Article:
Courtship, betrothal in Oshiwambo culture (Part1)
Courting a girl was not as complex a process in the ancient times as it might be the case today.
When the right time came for a man or a woman to find a soul mate, the parents would take the lead roles while the young ones simply relaxed and waited for their D-Days. The parents made all the arrangements for their children to find the right soul mate.
This was done through an initiation school (Olufuko).
This school would be organised in consultation with the reigning king.
The parents of the initiates were obliged to accompany their daughters to this important school. I will not get into the details of what happened in the school but the main purpose of the school was for the girls without soul mates to find them as well as to prepare them for adulthood.
Men who already had girlfriends also attended the occasion just to see how their soul mates faired.
A proposal to a girl was made by tying a palm leaf around a girl. A girl who rejected the proposal simply removed the leaf. Another aim of the initiation school was to cleanse the girls of back luck.
They were also given permission to fall in love with the men of their choice without being persecuted by family members. Falling pregnant before graduating from this school was punishable by death.
But after the graduation ceremony, which was graced by the presence of the king, the girls would then be free to fall pregnant.
The advent of Christianity led to the abolition of this school but it has, to a lesser extent, survived acculturation as some communities have since continued to practice it in secrecy.
The recent revival of Olufuko by the Outapi Town Council was condemned by some religious people who saw it as a promotion of promiscuity and an increase of the transmission of STDs.
Both the revival and the rejection of the Olufuko raised more questions than answers: Does its revival reduce teenage pregnancies?
What impact does it have on the academic performance of the learners? Is the current Olufuko conducted according to the ‘original version’ of it? Is there any correspondence between Olufuko and a confirmation school? Is there a possibility of integrating the good norms and values from Olufuko into the current confirmation classes? What are the merits and demerits of Olufuko? And so on.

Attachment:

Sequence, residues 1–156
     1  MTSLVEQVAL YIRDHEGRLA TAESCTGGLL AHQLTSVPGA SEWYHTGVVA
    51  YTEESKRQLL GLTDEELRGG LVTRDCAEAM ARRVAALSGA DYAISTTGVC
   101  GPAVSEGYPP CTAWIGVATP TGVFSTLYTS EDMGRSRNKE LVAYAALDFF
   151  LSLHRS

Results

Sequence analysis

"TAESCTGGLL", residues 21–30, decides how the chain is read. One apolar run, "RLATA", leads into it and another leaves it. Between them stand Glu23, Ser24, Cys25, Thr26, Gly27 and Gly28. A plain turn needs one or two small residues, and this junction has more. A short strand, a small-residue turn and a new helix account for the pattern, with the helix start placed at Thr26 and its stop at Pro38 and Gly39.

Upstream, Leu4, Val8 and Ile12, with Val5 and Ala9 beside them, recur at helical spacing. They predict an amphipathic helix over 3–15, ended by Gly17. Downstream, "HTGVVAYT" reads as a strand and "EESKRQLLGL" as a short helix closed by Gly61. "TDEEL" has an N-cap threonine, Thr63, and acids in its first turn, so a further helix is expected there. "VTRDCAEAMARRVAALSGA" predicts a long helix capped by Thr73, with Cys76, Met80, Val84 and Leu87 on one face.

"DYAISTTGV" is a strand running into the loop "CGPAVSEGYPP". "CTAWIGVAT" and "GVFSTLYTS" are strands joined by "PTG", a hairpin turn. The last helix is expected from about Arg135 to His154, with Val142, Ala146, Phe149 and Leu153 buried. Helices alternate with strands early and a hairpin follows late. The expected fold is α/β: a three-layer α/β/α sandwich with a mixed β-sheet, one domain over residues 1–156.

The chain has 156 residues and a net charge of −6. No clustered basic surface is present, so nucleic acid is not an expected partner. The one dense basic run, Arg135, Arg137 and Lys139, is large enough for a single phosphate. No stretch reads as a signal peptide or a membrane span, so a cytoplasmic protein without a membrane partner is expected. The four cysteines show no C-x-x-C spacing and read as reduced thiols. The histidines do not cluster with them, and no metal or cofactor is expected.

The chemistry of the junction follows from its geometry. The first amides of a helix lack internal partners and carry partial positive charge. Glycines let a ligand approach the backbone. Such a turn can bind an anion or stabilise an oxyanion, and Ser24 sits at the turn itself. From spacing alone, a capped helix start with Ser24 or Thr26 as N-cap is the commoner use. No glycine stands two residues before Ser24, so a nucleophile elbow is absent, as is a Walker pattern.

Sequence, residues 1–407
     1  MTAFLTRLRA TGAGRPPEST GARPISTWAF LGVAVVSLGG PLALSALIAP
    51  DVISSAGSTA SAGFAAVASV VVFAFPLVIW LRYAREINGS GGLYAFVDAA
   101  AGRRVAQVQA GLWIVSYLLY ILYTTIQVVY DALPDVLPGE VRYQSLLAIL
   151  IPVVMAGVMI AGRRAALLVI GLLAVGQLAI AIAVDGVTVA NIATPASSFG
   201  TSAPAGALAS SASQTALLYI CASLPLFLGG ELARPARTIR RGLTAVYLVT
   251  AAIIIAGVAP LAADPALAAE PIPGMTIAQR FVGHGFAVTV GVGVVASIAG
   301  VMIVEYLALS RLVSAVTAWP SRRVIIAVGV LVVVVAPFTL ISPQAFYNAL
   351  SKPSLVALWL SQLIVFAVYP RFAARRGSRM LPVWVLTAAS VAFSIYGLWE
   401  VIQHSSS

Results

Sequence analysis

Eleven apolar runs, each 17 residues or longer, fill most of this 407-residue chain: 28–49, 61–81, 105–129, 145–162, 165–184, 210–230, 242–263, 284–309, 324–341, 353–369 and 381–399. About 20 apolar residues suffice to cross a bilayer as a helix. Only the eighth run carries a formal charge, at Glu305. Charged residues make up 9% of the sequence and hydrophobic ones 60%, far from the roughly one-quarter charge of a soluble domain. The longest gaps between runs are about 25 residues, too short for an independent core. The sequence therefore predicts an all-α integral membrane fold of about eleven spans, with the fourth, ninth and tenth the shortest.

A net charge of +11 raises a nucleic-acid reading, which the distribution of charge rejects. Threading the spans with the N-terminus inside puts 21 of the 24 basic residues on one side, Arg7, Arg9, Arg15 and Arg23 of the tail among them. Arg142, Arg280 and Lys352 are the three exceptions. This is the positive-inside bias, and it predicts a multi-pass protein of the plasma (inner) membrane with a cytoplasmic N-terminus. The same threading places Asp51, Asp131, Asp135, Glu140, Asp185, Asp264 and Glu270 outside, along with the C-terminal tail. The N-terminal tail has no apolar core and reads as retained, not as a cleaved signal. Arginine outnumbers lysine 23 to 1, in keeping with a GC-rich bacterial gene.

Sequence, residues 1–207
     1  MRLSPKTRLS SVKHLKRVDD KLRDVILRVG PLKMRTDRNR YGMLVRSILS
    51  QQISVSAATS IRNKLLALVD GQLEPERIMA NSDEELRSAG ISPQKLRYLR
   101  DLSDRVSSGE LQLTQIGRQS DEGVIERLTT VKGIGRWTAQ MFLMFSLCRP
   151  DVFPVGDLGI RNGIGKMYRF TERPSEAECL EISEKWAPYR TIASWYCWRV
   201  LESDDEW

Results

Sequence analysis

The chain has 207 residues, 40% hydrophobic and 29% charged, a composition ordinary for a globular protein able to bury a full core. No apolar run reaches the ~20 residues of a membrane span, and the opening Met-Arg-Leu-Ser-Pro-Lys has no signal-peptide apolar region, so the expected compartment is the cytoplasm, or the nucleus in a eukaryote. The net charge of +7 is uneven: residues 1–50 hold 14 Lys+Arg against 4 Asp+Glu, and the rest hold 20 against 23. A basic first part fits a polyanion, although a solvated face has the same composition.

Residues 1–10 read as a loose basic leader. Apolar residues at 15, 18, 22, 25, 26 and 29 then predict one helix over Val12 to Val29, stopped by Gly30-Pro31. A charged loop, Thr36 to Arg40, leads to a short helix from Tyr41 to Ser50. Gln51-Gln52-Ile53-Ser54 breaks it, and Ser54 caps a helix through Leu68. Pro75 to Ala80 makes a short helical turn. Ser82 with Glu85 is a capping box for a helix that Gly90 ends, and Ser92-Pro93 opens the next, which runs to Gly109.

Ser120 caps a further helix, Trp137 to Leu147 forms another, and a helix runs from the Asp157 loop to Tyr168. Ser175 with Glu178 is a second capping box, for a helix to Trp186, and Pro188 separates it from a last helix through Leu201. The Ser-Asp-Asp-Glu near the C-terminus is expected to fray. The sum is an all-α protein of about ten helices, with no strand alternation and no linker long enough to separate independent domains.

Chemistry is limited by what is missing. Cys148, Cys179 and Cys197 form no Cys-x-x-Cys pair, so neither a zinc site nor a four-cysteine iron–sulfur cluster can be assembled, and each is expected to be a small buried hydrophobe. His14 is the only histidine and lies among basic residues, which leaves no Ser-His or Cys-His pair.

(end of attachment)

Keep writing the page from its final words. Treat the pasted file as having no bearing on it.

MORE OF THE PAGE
Another ancient school was called ‘Iiyugo’ where boys and girls spent time together for about a month. During this period, they pretended to be husbands and wives. There would be a lady in charge of the ‘Iiyugo’ to ensure that the young men and women did not go beyond playing together.
Again, this was a chance to find the right soul mate but the parents advised their sons and daughters on the type of man or woman who was suitable for marriage.
Young men and women also participated in the ‘uudhano’ during the full moon season. Here, they also exchanged some sweet words. But the final decision always lay with the parents.
If a girl was informed by her parents that a certain man wanted to fall in love with her and the parents found him suitable for marriage, then she had no right to say no.
The question is: Who was the right soul mate? Parents used certain criteria to choose men for their daughters or vice versa. They chose a man from the clan with faithful men, a diligent one. The “suitable” men also had to possess certain qualities like having a deep voice, hairy skin and so forth. The one with a soft voice and effeminate mannerisms was considered unsuitable.
The girl with the following qualities was not selected: Deep voice, beard, hanging bums, the one with calves covering the ankles, the talkative one, the one who did not sit properly (ha kuutumba omwandi gwa gwa), one who ate a lot, the lazy one, the one whose clan practised witchcraft and the one who made dust as she walked.
The suitable girl was the one with a soft voice and a composed manner. In addition, having a wider opening between the big toe and the next toe was considered a plus, because this opening symbolised wealth.
There was a way of showing a man that a girl was interested in him. All they did would be to prepare the ‘oshikwiila’ for a man. Similarly, men showed their interest in women by shooting birds for them. But the two could not fall in love without the consent of the parents. PF